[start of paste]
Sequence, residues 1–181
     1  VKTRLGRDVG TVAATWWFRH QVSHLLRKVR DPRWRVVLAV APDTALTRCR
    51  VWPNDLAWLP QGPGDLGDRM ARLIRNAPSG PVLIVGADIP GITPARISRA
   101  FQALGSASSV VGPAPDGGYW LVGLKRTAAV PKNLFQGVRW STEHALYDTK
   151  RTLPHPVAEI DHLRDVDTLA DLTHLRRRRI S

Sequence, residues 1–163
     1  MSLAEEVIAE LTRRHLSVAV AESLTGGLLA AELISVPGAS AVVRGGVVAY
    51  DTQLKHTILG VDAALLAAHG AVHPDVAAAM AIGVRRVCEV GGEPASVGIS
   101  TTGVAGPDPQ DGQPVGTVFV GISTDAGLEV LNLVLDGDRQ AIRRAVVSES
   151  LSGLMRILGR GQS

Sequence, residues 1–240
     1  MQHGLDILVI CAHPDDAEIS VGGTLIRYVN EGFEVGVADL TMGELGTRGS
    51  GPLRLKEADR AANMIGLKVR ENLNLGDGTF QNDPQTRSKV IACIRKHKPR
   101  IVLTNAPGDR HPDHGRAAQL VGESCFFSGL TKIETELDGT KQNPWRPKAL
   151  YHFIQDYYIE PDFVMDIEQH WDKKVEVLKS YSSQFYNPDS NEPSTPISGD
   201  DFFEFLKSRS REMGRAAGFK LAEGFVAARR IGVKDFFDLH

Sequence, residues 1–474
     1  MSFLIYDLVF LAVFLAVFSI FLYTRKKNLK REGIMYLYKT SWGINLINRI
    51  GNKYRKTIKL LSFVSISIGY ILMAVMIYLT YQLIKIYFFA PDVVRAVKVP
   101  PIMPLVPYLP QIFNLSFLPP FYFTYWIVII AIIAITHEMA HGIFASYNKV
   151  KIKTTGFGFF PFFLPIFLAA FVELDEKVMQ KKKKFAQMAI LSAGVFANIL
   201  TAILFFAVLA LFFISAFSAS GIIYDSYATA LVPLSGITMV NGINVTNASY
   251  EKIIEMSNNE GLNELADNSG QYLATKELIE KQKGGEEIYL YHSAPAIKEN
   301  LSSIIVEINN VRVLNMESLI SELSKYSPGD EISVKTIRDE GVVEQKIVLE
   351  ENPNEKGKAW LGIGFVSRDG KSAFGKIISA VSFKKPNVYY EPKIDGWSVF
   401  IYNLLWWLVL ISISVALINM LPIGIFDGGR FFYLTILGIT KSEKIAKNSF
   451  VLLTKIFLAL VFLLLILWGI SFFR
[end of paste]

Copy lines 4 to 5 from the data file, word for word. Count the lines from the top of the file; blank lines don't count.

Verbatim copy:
   101  FQALGSASSV VGPAPDGGYW LVGLKRTAAV PKNLFQGVRW STEHALYDTK
   151  RTLPHPVAEI DHLRDVDTLA DLTHLRRRRI S